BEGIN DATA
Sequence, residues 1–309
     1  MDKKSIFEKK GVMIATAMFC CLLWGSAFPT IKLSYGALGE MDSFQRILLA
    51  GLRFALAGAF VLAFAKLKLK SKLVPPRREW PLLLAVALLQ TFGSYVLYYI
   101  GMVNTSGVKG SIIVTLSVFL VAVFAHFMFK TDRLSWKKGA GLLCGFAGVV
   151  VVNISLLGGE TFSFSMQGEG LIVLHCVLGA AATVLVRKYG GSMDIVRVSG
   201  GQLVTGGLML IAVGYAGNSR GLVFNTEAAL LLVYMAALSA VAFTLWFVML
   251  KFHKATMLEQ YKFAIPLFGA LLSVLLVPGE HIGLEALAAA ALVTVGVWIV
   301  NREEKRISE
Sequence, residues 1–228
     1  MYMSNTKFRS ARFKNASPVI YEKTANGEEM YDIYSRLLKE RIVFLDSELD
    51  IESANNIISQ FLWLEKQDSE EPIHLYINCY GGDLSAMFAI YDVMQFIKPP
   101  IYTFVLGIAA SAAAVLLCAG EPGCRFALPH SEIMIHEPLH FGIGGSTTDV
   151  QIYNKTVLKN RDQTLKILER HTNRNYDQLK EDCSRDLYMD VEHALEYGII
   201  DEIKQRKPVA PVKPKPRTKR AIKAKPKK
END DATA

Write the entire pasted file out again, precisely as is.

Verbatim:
Sequence, residues 1–309
     1  MDKKSIFEKK GVMIATAMFC CLLWGSAFPT IKLSYGALGE MDSFQRILLA
    51  GLRFALAGAF VLAFAKLKLK SKLVPPRREW PLLLAVALLQ TFGSYVLYYI
   101  GMVNTSGVKG SIIVTLSVFL VAVFAHFMFK TDRLSWKKGA GLLCGFAGVV
   151  VVNISLLGGE TFSFSMQGEG LIVLHCVLGA AATVLVRKYG GSMDIVRVSG
   201  GQLVTGGLML IAVGYAGNSR GLVFNTEAAL LLVYMAALSA VAFTLWFVML
   251  KFHKATMLEQ YKFAIPLFGA LLSVLLVPGE HIGLEALAAA ALVTVGVWIV
   301  NREEKRISE
Sequence, residues 1–228
     1  MYMSNTKFRS ARFKNASPVI YEKTANGEEM YDIYSRLLKE RIVFLDSELD
    51  IESANNIISQ FLWLEKQDSE EPIHLYINCY GGDLSAMFAI YDVMQFIKPP
   101  IYTFVLGIAA SAAAVLLCAG EPGCRFALPH SEIMIHEPLH FGIGGSTTDV
   151  QIYNKTVLKN RDQTLKILER HTNRNYDQLK EDCSRDLYMD VEHALEYGII
   201  DEIKQRKPVA PVKPKPRTKR AIKAKPKK